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Serotonergic regulation of neuronal excitability in the prefrontal cortex

Serotonergic regulation of neuronal excitability in the prefrontal cortex,10.1016/j.neuropharm.2011.01.015,Neuropharmacology,Rodrigo Andrade

Serotonergic regulation of neuronal excitability in the prefrontal cortex   (Citations: 2)
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The cerebral cortex receives a dense serotonergic innervation originating predominantly from the dorsal raphe nucleus. This innervation regulates cortical functioning by activating multiple serotonin receptors that are differentially expressed by pyramidal cells and interneurons. Electrophysiological studies in the prefrontal cortex indicate that receptors of the 5-HT1A and 5-HT2A subtypes are the main serotonin receptors regulating membrane excitability in pyramidal cells. Most pyramidal cells in layer V coexpress 5-HT1A and 5-HT2A receptors that together regulate how these neurons encode excitatory input into neuronal firing. In contrast, a subset of large pyramidal cells of deep layer V appears to express exclusively 5-HT2A receptors that depolarize and excite these cells. Serotonin also depolarizes and excites at least two classes of GABAergic interneurons by acting on 5-HT3 and 5-HT2A receptors. The differential expression of serotonin receptors in different pyramidal cells and interneurons is consistent with a growing appreciation of the anatomical, molecular and functional heterogeneity of pyramidal cells and interneurons of the cerebral cortex. These findings begin to lay the ground for a cellular-level understanding of the serotonergic regulation of the prefrontal cortex.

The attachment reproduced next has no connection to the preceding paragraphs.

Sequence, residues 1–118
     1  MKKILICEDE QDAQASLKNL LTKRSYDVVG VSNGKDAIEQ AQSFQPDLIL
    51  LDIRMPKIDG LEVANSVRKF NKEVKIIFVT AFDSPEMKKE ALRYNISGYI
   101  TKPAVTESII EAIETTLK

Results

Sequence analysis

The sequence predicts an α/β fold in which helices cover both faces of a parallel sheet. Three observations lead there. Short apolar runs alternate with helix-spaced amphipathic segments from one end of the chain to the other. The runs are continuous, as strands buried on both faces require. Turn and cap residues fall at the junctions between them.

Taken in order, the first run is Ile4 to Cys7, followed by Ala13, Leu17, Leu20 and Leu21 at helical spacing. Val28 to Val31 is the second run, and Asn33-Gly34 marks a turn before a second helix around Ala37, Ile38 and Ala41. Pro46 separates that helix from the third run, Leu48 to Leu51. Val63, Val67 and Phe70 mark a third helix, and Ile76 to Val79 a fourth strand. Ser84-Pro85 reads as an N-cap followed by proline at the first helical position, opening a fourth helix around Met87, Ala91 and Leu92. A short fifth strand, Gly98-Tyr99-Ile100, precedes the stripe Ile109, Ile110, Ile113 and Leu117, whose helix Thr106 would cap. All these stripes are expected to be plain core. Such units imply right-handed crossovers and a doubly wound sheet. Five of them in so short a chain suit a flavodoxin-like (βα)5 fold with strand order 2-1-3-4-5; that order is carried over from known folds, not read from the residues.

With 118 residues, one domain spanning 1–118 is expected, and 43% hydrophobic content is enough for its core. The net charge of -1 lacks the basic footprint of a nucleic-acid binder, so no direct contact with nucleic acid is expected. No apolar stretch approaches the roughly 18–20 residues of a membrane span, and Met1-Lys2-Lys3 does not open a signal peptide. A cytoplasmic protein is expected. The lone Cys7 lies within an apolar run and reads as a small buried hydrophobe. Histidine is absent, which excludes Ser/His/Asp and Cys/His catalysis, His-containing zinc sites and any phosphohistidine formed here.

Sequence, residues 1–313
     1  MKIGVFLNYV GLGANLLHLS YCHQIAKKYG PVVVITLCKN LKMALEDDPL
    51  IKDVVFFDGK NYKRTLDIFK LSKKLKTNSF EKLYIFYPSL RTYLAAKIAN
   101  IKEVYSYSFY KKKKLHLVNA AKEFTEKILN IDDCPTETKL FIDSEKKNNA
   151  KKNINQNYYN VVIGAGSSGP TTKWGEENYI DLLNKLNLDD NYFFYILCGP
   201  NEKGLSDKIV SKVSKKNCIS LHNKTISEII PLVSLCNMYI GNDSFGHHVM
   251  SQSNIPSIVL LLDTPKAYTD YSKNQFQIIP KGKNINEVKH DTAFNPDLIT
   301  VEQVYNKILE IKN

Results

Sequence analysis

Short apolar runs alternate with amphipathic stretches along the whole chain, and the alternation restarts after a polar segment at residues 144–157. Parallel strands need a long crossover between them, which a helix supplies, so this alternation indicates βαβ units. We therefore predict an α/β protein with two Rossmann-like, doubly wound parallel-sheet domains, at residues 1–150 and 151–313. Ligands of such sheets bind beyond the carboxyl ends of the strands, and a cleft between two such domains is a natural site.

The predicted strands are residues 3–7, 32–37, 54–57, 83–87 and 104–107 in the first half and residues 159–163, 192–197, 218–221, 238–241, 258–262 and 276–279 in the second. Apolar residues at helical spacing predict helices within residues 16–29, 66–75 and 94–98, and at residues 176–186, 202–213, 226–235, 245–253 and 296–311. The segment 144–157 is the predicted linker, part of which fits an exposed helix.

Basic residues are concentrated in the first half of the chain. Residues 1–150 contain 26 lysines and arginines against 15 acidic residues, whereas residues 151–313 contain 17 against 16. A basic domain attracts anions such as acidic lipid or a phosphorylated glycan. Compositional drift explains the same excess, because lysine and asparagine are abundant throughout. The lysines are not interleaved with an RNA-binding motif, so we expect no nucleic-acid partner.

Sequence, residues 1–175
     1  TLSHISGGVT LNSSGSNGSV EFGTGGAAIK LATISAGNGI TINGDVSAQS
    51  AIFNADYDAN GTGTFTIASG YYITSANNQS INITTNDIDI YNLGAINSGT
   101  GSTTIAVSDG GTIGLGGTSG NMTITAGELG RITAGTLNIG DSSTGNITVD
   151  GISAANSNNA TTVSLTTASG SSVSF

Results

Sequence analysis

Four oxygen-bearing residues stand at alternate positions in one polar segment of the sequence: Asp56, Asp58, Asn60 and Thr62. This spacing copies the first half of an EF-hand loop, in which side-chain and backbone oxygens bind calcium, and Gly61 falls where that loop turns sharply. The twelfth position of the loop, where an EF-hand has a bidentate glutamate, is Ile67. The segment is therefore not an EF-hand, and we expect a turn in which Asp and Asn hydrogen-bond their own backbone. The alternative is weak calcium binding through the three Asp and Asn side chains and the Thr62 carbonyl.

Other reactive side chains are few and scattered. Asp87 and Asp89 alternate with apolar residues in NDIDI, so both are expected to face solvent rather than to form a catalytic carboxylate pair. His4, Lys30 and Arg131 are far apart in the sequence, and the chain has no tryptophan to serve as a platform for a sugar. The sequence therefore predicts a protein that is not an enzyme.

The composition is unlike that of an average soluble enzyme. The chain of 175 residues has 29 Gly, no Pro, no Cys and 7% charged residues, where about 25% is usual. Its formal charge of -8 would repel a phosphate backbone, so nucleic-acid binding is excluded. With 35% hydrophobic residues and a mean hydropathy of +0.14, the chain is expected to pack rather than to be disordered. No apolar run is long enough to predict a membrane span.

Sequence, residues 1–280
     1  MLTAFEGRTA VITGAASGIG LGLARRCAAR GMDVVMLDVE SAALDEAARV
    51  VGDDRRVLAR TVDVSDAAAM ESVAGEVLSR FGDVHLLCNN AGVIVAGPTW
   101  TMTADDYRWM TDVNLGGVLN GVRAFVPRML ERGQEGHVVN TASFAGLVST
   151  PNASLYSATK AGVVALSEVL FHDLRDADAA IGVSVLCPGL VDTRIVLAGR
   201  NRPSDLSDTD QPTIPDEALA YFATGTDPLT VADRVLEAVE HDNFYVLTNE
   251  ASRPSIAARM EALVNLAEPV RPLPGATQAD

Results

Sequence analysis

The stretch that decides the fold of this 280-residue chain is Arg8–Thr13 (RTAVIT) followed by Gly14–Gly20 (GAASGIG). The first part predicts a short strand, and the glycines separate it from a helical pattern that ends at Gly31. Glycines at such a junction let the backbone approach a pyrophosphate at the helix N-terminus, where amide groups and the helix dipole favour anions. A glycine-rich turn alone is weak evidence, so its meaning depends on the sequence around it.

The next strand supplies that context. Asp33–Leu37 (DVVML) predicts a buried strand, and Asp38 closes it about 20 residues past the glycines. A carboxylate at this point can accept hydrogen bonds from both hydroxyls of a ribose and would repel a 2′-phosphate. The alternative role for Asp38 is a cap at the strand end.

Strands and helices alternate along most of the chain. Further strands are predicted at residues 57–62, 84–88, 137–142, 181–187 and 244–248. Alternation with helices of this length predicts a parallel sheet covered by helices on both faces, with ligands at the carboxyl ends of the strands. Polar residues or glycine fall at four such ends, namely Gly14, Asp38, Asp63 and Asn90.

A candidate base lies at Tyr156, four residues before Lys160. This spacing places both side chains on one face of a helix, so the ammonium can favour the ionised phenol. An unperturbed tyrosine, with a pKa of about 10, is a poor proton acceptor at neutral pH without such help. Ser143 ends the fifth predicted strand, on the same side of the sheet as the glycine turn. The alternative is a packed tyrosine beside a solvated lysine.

Journal: Neuropharmacology , vol. 61, no. 3, pp. 382-386, 2011
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